‌‌Interaction between autophagy and lipid metabolism in neurotrauma and brain aging: Brain has higher lipid content than any other tissue except adipose and contains up to 25% of body cholesterol. Recent data indicate that lipid environment can affect cellular processes, including autophagy-lysosomal function. Coversely, autophagy is involved in cellular lipid metabolism, including lipid efflux. We are using transgenic mouse movels and in vitro studies to dissect interaction between lipid metabolism and autophagy after TBI and during brain aging.

Grants and Contracts

Active Grant Support:

  • Cell-type and organelle-specific multi-omics platform for the study of brain aging

NIH R33 AG076858 (MPI: Marta Lipinski / Maureen Kane / Michael Cummings)

04/01/2022 – 03/31/2026

  • The Function and Mechanisms of Autophagy in Spinal Cord Injury

NIH 2R01 NS094527 (MPI: Junfang Wu / Marta Lipinski)

04/01/2022 – 03/31/2027

  • Dysregulation of autophagy-lysosomal function links TBI to late-onset neurodegeneration

NIH R01 NS091218 (PI: Marta Lipinski)

04/01/2020 - 03/31/2025

  • Development of diagnostic biomarkers for determination of traumatic brain injury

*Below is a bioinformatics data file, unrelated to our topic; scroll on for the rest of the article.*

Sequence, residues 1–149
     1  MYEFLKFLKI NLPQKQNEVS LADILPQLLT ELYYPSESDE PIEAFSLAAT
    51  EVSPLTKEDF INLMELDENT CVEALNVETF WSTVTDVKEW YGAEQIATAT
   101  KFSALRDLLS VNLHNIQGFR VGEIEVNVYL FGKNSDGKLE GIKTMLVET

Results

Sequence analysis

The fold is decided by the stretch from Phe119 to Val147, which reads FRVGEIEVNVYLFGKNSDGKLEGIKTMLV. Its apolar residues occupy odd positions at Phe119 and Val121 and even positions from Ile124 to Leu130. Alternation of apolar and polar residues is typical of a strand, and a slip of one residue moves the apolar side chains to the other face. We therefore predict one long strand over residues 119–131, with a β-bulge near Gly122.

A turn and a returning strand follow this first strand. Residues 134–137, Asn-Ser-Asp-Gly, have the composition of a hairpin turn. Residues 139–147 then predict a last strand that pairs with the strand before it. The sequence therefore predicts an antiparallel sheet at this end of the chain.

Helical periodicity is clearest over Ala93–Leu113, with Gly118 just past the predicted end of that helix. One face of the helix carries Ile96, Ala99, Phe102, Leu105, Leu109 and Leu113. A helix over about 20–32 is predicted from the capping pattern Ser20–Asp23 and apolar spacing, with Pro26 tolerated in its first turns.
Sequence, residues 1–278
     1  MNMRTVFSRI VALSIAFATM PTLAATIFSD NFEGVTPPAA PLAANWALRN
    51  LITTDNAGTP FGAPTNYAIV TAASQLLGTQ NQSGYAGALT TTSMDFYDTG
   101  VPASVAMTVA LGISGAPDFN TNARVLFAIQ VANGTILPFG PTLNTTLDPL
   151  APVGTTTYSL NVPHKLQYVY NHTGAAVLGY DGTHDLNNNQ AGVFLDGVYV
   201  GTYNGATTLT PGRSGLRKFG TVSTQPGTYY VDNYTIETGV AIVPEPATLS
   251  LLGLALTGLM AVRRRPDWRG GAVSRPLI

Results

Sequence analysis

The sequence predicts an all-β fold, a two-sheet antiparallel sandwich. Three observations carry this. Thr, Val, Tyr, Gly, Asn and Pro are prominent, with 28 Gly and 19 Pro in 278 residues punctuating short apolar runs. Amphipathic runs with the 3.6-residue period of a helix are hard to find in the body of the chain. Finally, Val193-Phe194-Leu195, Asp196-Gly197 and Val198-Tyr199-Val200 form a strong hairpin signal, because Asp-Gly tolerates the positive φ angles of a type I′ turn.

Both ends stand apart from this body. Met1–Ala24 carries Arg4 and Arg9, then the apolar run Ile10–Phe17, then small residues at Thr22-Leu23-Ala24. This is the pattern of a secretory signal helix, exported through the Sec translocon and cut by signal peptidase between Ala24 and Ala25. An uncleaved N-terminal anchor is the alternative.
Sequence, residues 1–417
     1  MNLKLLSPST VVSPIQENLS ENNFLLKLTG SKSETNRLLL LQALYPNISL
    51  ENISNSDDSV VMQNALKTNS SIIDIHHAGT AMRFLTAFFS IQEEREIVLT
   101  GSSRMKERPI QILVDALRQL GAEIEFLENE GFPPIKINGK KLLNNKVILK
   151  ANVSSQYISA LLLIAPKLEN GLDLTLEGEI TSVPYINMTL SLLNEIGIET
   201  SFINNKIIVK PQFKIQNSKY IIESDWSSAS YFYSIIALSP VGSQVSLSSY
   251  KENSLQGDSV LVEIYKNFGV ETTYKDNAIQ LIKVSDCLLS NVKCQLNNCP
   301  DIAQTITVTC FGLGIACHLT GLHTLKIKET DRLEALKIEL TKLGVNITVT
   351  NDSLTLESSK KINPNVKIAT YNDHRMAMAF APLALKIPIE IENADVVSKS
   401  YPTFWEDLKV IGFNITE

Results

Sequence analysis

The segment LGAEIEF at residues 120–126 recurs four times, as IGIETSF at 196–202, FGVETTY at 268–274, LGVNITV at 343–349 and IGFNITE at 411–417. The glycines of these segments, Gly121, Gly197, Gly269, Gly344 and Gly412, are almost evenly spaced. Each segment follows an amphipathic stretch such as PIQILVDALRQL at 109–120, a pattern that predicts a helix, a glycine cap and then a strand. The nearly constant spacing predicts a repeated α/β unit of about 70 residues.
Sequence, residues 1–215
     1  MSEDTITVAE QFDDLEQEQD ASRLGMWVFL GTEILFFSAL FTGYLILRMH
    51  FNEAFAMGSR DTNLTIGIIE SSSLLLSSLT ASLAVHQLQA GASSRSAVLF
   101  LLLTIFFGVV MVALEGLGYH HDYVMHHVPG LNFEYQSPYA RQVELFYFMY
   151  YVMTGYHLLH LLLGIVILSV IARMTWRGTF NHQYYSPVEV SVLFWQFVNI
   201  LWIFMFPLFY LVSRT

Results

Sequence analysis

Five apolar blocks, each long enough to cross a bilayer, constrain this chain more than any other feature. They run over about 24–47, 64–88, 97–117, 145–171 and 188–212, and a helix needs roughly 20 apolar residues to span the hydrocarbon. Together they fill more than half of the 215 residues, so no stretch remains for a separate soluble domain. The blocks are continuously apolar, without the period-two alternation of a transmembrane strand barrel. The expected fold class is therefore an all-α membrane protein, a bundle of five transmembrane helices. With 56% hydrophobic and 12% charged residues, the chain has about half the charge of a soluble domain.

FDA / CERSI 3U01FD005946 (MPI: Maureen Kane / Marta Lipinski / Jace Jones / Chinmoy Sarkar)

9/1/2019 - 8/31/2023

In the News

Professional Activity

Professional Societies

  • Member, Society for Neuroscience
  • Member, National Neurotrauma Society
  • Member, American Society for Cell Biology

Editorial Service

  • Associate Editor, Autophagy

Links of Interest

Lab Members

Current Lab Members

  • Chinmoy Sarkar, PhD, Assistant Professor
  • Amir Mehrabani, Graduate Student (PhD Program in Molecular Medicine)
  • Sage Thapa, Graduate Student (PhD Program in Molecular Medicine)
  • Liv Pettyjohn-Robin, Lab Assistant


From left: Shuo Liu, Niv Hegdekar, Marta Lipinski, Julia Thayer and Chinmoy Sarkar

Former Lab Members

  • Nivedita Hegdekar, PhD, Graduate Student, Program in Biochemistry, 2017-2022;           Postdoctoral Fellow, 2022-2023
    • Current Position: Strategy Consultant, IQVIA, Boston, MA